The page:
Expert recommendations for the best places to eat in four price ranges: budget ($), moderate ($$), expensive ($$$), and luxury ($$$$)


La Binerie Mont-Royal

“Sticky gut-smacking poutine, bines [baked beans] and pudding chomeur [sugar upside-down cake].”—Maria Francesca LoDico, editor, Montreal Zagat Survey. The classic Montreal diner. 367 Avenue du Mont-Royal; tel. +1 514 285 9078.

Olive et Gourmando

“Practice ordering pain au chocolat or brioche in French; smoked trout sandwich worth squishing in line for.”—Sarah Musgrave, author, Montreal Resto à Go-Go: 200 Cheap and Fun Places to Eat and Drink in Montreal, 2007 edition. Old Montreal boulangerie (bakery) beloved by visitors and locals. 351 Rue St. Paul O.; tel. +1 514 350 1083.

Montreal Pool Room

“Order a quintessential Montreal-style ‘all-dressed steamie’—vinegary coleslaw, mustard, onions, and relish, no ketchup.”—David McGimpsey, food and travel writer, The Globe and Mail. Low-rent hot dog purveyor on “the Main” since 1912; unused pool tables, after-bar crowd. 1200 Boulevard St. Laurent; tel. +1 514 396 0460.


Schwartz’s Original Hebrew Deli

Schwartz’s has smoked the meat daily since 1928 for lineups that stretch down the street. Required stop for any visitor to Montreal. Tip: Sandwiches are ordered “fat,” “medium,” or “lean;” hand-sliced meat comes stacked high, accompanied by rye bread slices, a mustard squeeze bottle, and a cherry coke. 3895 Boulevard St. Laurent; tel. +1 514 842 4813.

Tripolis Souvlaki Restaurant

“The best Greek salad in town; daily chef’s lunch specials to die for; like eating at home in Greece in a taverna with my family.”—Theo Diamantis, sommelier and co-founder, Quebec wine website. Simple family-style diner in the heart of Greektown, open very late on weekends; octopus, lamb chops, and skewered sweetbreads perfectly grilled over charcoal. 679 Rue St. Roch; tel. +1 514 277 4689

Leméac Café Bistrot

“Really well-made classic French food; open late; satisfies midnight cravings for rillettes (preserved meat) and chèvre chaud (goat-cheese salad).”—Theo Diamantis. Lively, airy spot on elegant shopping street; set multi-course menu for $22 after 10 p.m. 1045 Avenue Laurier O.; tel. +1 514 270 0999.

Restaurant Daou

“The most garlicky garlic chicken anywhere; walls are decorated with snapshots of Céline Dion because it’s her favorite restaurant.”—David McGimpsey. Family-run Lebanese restaurant in business since the 1970s; the best shish taouk in a very shish taouk town. 519 Rue Faillon E.; tel. +1 514 276 8310.


“Specializes in bio-dynamic, organic, artisanal natural wines; 90 percent private imports mainly from France.”—Theo Diamantis. Wine bar open from cocktail hour to all hours, full of hardcore wine geeks and other bons vivants; downtown location near festival grounds and music venues; tapas menu. 3424 Avenue du Parc; tel. +1 514 288 7779.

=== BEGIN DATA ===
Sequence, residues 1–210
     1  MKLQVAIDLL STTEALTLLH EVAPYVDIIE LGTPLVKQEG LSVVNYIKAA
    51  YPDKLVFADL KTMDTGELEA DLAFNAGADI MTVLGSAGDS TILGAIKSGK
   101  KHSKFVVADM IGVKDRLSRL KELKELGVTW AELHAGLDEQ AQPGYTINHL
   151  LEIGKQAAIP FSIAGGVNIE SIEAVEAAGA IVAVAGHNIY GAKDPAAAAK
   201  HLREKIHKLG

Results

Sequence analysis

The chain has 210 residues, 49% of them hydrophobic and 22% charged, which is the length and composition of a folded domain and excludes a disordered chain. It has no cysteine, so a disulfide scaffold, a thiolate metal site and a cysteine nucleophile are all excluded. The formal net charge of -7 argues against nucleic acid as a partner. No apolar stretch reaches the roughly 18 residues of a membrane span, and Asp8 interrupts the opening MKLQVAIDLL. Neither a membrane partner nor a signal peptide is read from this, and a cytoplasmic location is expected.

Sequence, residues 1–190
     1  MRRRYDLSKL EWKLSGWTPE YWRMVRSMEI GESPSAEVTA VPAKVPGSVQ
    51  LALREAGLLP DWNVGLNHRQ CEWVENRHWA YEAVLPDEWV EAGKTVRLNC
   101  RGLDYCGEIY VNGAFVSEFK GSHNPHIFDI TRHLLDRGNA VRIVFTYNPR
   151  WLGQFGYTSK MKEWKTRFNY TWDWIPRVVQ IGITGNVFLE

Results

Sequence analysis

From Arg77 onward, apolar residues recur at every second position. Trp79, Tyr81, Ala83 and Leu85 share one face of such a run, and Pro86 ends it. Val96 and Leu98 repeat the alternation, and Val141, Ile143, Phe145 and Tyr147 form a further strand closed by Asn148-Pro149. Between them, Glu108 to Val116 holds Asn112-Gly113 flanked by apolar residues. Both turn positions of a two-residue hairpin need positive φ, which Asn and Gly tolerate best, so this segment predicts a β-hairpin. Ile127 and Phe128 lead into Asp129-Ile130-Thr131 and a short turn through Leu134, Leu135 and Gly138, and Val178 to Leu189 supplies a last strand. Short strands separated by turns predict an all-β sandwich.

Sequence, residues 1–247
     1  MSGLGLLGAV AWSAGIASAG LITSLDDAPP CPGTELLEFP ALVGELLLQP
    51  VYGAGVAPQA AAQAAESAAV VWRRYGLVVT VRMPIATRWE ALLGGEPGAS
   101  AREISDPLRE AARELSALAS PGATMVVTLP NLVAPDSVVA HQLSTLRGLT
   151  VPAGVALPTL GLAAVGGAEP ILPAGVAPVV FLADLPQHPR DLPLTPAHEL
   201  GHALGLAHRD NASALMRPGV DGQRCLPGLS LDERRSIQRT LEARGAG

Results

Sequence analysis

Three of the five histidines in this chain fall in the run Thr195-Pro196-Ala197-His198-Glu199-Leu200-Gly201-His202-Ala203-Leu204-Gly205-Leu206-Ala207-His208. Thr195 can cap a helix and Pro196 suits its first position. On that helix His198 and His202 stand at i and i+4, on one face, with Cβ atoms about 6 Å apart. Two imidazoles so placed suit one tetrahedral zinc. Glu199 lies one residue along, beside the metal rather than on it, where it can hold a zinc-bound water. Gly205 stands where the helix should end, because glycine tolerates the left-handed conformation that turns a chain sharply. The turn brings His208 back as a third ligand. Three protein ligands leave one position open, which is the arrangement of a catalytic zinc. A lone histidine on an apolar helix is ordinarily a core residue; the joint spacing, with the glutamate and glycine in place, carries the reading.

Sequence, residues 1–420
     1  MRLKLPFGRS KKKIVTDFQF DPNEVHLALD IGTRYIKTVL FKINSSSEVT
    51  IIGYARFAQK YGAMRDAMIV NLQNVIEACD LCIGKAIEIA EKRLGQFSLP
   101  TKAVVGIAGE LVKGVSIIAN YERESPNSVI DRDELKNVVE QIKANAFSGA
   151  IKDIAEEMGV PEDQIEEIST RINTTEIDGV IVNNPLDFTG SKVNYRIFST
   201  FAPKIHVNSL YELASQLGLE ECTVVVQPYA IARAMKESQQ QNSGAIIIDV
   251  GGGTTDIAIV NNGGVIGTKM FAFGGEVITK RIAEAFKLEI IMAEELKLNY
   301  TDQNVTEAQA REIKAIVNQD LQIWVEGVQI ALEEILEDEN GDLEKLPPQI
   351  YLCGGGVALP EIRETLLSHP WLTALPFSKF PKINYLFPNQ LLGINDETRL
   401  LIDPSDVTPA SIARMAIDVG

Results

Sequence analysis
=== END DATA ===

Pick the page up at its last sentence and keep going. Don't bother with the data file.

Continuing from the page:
Au Pied de Cochon

“Comforting Quebecois farmhouse cooking; foie gras prepared all ways, as appetizer, side dish, and main event.”—Maria Francesca LoDico. Plateau haute-bistro went supernova when celebrity chef Anthony Bourdain proclaimed it his favorite restaurant in North America; chef/founder Martin Picard considered a young lion of Quebec’s culinary new wave—his foie-gras poutine is a necessary excess. 536 Rue Duluth E.; tel. +1 514 281 1114.


Definitive Montreal brasserie name-dropped in films, literature, and popular music; handwritten menu just like in Paris with white tablecloths, mirrors, noise level, and service to match; kitchen open late to accommodate après-théâtre rush for classic steak-frites; cold meat plates accompanied by giant jar of all-you-can-eat house-made cornichons (mini sour pickles). 3927 Rue St. Denis; tel. +1 514 845 5333.

Les Trois Petits Bouchons

“Homemade charcuteries (delicatessen) and classic duck confits, seasonal menu, fantastic wine list.”—Theo Diamantis. Rustic French cuisine on the stylish French stroll—a new favorite. 4669 Rue St. Denis; tel. +1 514 285 4444.

La Montée de Lait

Tiny spot tucked away on tinier Plateau street; top-quality, market-driven cuisine at affordable prices; extensive list of wines by the glass specially picked to accompany menu. 371 Rue Villeneuve E.; tel. +1 514 289 9921



Chef Normand Laprise is considered the founding visionary of Quebec haute cuisine; teetering stacks of local, hand-selected ingredients. The Cirque du Soleil of food, complete with acrobatic flourishes. 900 Place Jean-Paul Riopelle; tel. +1 514 499 2084.

Joe Beef

“Chefs Dave MacMillan and Fred Morin used to work the flashier circuit—their scene is now more blue-collar attitude [still] at blue-blooded prices.”—Sarah Musgrave. Capricious and fetishistic menu that showcases best possible ingredients from raw oysters to rooster-crown pasta; advance reservations required. 2491 Rue Notre-Dame O.; tel. +1 514 935 6504.

Le Club Chasse et Pêche

“Feels like dining in a secret but oh-so-stylish den.”—Sarah Musgrave. Unlike other hunting and fishing clubs; named for traditions the chef flouts daily. A sly take on surf-and-turf that pairs a Kobe beef medallion with a stuffed lobster tail. 423 Rue St. Claude; tel. +1 514 861 1112.


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